MELBOURNE (Reuters) - New Hope Corp is chasing more coal mine acquisitions in Australia over the next year to drive growth, its boss said on Tuesday after reporting a huge rise in annual profit on the back of an earlier expansion and higher coal prices.
New Hope Managing Director Shane Stephan said the company sees more opportunities to supply coal to Asia, including China, Japan, South Korea and Taiwan, particularly for new high efficiency-low emissions (HELE) power stations, and would look for acquisitions to help meet that demand.
“We see a long-term future for thermal coal into Asian markets, so we will continue to look at multiple potential acquisition targets over the next 12 to 18 months,” Stephan told Reuters in an interview.
Thermal coal stakes up for sale include Glencore’s Rolleston mine and Wesfarmers’ stake in the Bengalla mine.
New Hope, one of two listed independent coal producers in Australia, bought a 40 percent stake in the Bengalla mine in New South Wales state from Rio Tinto two years ago for $606 million.
That acquisition, coupled with higher prices, underpinned a surge in net profit before one-offs to A$128.7 million ($102.6 million) for the year to July 31 from A$5.0 million a year earlier.
Australia’s Newcastle coal prices have traded between about $72 and $106 this year, well above lows around $47 last year. The current Japanese benchmark price is around $85.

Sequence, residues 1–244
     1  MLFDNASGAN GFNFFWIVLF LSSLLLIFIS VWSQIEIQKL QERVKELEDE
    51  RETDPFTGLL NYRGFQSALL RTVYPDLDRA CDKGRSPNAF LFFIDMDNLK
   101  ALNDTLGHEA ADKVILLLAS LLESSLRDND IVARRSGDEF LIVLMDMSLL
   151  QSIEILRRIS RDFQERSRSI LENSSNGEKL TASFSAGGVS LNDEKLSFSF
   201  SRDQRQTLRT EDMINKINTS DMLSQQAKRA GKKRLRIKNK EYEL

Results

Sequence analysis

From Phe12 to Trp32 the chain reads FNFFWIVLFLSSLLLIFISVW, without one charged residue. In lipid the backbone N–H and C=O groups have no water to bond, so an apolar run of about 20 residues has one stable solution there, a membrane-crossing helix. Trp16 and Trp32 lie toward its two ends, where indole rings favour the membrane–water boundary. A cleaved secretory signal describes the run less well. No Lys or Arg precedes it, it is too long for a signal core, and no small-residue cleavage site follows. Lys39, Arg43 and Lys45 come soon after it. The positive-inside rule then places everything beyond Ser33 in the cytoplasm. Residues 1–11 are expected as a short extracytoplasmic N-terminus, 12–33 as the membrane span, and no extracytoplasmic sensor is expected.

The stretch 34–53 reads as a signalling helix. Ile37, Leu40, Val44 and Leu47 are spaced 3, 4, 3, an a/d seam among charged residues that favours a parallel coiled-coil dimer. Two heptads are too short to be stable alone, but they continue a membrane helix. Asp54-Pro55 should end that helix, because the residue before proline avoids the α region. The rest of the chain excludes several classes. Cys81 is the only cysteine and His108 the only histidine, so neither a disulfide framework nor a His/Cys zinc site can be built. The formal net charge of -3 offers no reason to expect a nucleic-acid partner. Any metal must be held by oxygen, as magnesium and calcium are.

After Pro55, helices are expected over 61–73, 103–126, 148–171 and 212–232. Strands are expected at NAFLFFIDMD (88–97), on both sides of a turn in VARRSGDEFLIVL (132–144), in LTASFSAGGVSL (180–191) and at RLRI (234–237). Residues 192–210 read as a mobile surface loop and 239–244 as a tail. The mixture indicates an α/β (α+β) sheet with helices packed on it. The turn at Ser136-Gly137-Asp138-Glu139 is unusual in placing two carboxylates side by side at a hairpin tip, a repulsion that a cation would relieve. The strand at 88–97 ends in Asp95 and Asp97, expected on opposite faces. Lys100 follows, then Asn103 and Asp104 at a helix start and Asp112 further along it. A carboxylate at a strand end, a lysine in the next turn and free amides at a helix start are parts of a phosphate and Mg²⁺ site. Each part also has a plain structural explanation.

That has spurred New Hope to try to produce as much as possible, even at its depleting New Acland mine in Queensland.
Stephan said his firm could also benefit from Asian coal buyer concerns about Glencore’s expansion in Australia following its recent acquisition with China’s Yancoal Australia of Rio Tinto’s Coal & Allied unit.
“This places Glencore in a dominant position in the export market out of Australia for thermal coal,” he said.
“So we see it as an opportunity for us as an independent to grow our supply capability over the next few years, because we believe that that will be supported by the end customers.”
New Hope’s shares rose as much as 5.6 percent to a five-month high of A$1.88 after releasing its annual results.
($1 = 1.2544 Australian dollars)
Reporting by Sonali Paul; Editing by Richard Pullin